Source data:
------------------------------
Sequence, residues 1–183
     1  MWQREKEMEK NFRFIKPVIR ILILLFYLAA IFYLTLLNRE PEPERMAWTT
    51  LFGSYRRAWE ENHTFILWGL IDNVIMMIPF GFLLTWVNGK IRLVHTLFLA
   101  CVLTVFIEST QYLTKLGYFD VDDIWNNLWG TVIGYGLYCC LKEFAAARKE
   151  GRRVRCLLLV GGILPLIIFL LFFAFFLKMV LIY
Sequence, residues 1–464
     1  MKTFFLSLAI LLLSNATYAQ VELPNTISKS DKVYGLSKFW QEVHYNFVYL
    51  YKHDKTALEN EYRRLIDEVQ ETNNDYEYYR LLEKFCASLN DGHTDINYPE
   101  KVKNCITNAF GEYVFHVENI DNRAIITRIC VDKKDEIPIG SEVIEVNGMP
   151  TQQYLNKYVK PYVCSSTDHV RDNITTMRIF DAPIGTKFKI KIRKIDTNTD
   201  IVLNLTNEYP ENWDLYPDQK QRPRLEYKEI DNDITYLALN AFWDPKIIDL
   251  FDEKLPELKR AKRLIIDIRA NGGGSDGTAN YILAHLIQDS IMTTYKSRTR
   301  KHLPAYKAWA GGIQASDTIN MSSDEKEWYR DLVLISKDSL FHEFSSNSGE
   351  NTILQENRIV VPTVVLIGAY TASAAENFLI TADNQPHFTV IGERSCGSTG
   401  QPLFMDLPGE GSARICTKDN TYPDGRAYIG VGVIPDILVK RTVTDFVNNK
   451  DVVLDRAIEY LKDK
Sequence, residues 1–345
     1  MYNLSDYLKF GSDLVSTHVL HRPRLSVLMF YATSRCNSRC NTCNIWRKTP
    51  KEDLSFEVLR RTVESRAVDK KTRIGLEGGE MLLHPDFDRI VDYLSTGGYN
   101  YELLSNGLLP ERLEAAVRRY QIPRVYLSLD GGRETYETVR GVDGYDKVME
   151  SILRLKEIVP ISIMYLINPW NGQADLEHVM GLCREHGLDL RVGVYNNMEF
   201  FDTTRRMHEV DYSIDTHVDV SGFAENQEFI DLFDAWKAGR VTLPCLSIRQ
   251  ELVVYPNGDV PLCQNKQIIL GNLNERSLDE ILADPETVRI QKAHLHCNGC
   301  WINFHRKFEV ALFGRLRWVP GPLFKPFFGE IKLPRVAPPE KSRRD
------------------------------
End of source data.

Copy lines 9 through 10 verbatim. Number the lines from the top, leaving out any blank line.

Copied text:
   101  KVKNCITNAF GEYVFHVENI DNRAIITRIC VDKKDEIPIG SEVIEVNGMP
   151  TQQYLNKYVK PYVCSSTDHV RDNITTMRIF DAPIGTKFKI KIRKIDTNTD